Accordingly, we propose to produce explicit and more precise spatial logits and attention maps as well as to apply useful self-supervision by employing a new output module, called Spatially Attentive Output Layer (SAOL). In specific, from the feature maps, we separately obtain the spatial logits (location-specific class responses) and the spatial attention map. Then, the attention weights are used for a weighted sum of the spatial logits to produce the classification result. Figure 1 shows an overall structure of the proposed output layer in comparison to the conventional one.

The proposed output process can be considered as a weighted average pooling over the spatial logits to focus selectively on the target class region. For more accurate spatial logits, we aggregate multi-scale spatial logits inspired by decoder modules used for semantic segmentation [FCN, ronneberger2015unet, chen2018encoder]. Note that SAOL can generate spatially interpretable attention outputs directly and target object locations during forward propagation without any post-processing. Besides, the computational cost and the number of parameters of the proposed SAOL are almost the same as the previous GAP-FC based output layer.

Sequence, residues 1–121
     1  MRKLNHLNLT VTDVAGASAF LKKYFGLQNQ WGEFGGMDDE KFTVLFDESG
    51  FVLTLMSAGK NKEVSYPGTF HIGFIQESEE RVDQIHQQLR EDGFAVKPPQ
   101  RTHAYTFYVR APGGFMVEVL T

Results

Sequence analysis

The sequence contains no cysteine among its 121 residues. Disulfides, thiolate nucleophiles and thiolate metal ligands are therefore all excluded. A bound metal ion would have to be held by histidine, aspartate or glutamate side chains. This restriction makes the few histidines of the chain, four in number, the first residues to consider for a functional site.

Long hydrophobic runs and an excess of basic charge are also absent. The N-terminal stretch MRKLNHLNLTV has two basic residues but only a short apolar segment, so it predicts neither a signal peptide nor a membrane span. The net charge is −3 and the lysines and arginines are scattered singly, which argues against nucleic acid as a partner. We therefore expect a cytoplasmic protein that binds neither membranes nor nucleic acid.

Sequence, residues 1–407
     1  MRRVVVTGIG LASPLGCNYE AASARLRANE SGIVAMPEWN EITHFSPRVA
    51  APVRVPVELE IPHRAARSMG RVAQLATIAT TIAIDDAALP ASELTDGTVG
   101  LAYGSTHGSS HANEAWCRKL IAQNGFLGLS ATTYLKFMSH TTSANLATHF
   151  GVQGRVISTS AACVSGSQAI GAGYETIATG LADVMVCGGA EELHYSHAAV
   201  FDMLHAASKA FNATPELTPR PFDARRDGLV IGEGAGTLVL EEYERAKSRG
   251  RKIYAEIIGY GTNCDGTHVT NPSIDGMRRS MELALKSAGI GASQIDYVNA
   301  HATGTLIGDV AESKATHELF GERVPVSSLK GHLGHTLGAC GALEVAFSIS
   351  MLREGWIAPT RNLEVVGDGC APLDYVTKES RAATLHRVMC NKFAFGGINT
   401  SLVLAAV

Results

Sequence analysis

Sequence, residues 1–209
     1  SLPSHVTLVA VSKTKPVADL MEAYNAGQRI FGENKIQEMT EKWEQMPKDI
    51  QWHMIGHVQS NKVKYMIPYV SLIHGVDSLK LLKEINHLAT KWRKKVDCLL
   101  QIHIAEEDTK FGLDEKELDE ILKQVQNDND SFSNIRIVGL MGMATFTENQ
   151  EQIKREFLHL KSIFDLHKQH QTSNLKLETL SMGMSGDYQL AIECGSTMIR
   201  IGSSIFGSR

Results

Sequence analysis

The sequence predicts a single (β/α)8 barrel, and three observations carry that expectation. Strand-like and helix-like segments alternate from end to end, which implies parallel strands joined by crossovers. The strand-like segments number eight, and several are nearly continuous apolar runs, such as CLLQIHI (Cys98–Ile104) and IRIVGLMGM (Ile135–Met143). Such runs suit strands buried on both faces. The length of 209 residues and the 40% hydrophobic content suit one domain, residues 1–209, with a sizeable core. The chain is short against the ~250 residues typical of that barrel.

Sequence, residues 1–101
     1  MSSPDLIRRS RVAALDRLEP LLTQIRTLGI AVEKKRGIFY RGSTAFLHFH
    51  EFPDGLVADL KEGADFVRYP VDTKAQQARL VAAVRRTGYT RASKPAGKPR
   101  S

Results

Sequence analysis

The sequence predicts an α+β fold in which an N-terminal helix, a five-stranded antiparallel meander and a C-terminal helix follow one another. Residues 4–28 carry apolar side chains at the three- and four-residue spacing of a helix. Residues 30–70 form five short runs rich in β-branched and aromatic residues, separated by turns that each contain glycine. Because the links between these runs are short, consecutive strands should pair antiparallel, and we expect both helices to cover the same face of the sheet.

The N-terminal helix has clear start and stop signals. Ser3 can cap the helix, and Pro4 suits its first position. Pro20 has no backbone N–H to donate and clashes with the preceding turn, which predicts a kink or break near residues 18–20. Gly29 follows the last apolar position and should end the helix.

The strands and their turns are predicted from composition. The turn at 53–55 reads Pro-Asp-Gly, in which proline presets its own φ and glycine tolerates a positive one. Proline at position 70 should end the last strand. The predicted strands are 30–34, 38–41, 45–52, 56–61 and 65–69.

Furthermore, we apply two novel location-specific self-supervised losses based on CutMix [yun2019cutmix] to improve the generalization ability. We remark that different from CutMix, which mixes the ground truth image labels proportionally to the area of the combined input patches, the proposed self-supervision utilizes cut and paste of the self-annotated spatial labels according to the mixed inputs. The proposed losses make our spatial logits and attention map more complete and accurate. We also explore a self-distillation by attaching the conventional GAP-FC as well as SAOL and distilling SAOL logits to GAP-FC. This technique can improve performances of the exiting CNNs without changing their architectures at test time.

We conduct extensive experiments on CIFAR-10/100 [cifar]

and ImageNet

[imagenet] classification tasks with various state-of-the-art CNNs and observe that the proposed SAOL with self-supervision and self-distillation consistently improves the performances as well as generates more accurate localization results of the target objects.